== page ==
Six more missions followed Apollo 11, all but one of which successfully landed on the lunar surface. Apollo 17 was the first to carry a scientist. As soon as he got there, the program was canceled. The first scientist and the last human to land on the Moon were the same person. The program has already served its purpose that July night in 1969. The half-dozen subsequent missions were just momentum.
Apollo was not mainly about science. It was not even mainly about space. Apollo was about ideological confrontation and nuclear war--often described by such euphemisms as world "leadership" and national "prestige." Nevertheless, good space science was done. We now know more about the composition, age, and history of the Moon and the origin of the lunar landforms. We have made progress in understanding where the Moon came from. Some of us have used lunar cratering statistics to better understand the Earth at the time of the origin of life. But more important than any of this, Apollo provided an aegis, an umbrella under which brilliantly engineered robot spacecraft were dispatched throughout the Solar System, making that preliminary reconnaissance of dozens of worlds. The offspring of Apollo have now reached the planetary frontiers.
If not for Apollo--and, therefore, if not for the political purpose it served--I doubt whether the historic American expeditions of exploration and discovery throughout the Solar System would have occurred. The Mariners, Vikings, Pioneers, Voyagers, and Galileo are among the gifts of Apollo. Magellan and Cassini are more distant descendants. Something similar is true for the pioneering Soviet efforts in Solar System exploration, including the first soft landings of robot spacecraft-- Luna 9, Mars 3, Venera 8 --on other worlds.
Apollo conveyed a confidence, energy, and breadth of vision that did capture the imagination of the world. That too was part of its purpose. It inspired an optimism about technology, and enthusiasm for the future. If we could fly to the Moon, as so many have asked, what else were we capable of? Even those who opposed the policies and actions of the United States--even those who thought the worst of us-- acknowledged the genius and heroism of the Apollo program. With Apollo, the United States touched greatness.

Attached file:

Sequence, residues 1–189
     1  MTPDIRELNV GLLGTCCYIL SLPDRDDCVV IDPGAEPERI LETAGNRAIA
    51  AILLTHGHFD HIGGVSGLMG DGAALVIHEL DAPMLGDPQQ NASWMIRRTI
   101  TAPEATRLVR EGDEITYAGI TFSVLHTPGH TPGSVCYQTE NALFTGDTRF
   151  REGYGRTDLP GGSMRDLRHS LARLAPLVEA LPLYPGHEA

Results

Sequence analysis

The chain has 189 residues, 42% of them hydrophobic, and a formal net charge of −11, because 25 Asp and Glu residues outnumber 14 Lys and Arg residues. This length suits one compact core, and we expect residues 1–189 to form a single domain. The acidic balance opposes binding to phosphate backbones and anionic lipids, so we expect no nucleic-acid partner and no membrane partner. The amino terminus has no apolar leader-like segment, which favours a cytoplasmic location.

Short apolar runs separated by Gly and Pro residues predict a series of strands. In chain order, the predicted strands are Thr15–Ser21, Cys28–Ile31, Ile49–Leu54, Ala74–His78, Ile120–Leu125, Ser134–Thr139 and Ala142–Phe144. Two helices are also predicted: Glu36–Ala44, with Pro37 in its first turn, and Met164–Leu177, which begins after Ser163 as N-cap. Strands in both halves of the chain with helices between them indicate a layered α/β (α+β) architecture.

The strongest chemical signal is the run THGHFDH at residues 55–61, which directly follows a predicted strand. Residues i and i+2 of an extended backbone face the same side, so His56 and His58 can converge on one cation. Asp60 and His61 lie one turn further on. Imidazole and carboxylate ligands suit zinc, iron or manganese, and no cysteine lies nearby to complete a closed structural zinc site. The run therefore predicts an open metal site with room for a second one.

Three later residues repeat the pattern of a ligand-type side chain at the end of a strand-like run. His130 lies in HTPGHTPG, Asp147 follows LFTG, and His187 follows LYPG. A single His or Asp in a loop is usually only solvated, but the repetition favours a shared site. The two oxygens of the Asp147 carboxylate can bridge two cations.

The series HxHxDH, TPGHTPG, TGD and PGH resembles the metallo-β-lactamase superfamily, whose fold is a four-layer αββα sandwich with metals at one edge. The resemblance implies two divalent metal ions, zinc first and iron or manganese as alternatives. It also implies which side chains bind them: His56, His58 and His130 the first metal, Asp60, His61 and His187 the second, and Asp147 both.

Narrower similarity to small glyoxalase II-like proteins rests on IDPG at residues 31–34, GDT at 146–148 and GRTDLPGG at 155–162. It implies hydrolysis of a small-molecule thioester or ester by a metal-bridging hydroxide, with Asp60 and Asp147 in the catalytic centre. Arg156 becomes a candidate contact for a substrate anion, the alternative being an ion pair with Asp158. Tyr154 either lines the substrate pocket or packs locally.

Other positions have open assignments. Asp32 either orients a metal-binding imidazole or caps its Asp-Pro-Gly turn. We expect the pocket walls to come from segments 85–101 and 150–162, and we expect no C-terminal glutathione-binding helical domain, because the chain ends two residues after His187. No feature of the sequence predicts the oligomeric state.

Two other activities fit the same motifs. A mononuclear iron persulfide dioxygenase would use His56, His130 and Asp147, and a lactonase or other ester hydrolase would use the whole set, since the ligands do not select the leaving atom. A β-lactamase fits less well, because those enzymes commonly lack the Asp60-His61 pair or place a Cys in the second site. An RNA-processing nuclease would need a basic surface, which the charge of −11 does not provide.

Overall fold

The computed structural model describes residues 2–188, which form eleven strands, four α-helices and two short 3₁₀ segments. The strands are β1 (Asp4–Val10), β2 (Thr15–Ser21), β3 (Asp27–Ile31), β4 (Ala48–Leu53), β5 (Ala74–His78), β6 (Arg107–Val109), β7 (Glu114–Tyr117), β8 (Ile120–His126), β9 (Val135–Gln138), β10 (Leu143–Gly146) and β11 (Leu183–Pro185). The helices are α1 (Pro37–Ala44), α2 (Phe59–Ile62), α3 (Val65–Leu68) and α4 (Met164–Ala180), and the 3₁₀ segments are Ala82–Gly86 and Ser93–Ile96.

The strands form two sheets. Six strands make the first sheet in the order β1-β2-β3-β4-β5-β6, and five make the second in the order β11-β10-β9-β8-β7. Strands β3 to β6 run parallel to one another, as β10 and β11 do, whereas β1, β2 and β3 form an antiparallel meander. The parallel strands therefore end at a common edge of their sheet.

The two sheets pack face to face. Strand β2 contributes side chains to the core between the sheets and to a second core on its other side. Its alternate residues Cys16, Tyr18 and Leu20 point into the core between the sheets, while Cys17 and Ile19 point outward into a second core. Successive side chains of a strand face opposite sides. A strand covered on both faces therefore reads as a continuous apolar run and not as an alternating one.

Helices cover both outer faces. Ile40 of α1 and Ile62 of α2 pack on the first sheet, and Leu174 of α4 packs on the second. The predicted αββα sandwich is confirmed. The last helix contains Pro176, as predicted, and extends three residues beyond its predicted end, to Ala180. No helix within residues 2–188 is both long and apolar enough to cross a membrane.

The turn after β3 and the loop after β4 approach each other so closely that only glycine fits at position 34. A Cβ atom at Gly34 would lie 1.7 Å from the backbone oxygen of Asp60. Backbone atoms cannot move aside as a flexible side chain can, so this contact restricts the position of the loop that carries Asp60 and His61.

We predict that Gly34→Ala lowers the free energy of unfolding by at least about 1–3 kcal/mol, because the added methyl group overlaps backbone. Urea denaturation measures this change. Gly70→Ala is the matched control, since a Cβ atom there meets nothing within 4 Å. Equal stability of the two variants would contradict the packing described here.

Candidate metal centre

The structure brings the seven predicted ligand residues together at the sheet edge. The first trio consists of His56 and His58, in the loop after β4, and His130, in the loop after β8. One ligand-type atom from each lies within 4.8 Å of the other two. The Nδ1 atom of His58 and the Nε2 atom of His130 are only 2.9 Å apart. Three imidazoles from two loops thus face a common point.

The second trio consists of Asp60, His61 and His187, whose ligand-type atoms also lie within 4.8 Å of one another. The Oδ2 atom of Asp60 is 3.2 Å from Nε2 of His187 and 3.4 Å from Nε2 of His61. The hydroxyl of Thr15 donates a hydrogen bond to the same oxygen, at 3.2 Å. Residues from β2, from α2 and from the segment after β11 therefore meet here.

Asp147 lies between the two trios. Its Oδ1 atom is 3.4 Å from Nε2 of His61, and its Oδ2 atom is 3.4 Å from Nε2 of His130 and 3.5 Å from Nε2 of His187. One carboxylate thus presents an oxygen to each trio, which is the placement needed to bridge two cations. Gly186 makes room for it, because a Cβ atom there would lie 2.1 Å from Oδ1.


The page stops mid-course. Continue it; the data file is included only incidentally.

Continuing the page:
When you pack your bags for a big trip, you never know what's in store for you. The Apollo astronauts on their way to and from the Moon photographed their home planet. It was a natural thing to do, but it had consequences that few foresaw. For the first time, the inhabitants of Earth could see their world from above--the whole of Earth, the Earth in color, the Earth as an exquisite spinning white and blue ball set against the vast darkness of space. Those images helped awaken our slumbering planetary consciousness. They provide incontestable evidence that we all share the same vulnerable planet. They remind us of what is important and what is not. They were the harbingers of Voyager's pale blue dot.
We may have found that perspective just in time, just as our technology threatens the habitability of our world. Whatever the reason we first mustered the Apollo program, however mired it was in Cold War nationalism and the instruments of death, the inescapable recognition of the unity and fragility of the Earth is its clear and luminous dividend, the unexpected final gift of Apollo. What began in deadly competition has helped us to see that global cooperation is the essential precondition for our survival.
Travel is broadening.
It's time to hit the road again.
Carl Sagan (1994, pp.206-215)
Pale Blue Dot: A Vision of the Human Future in Space
New York: Random House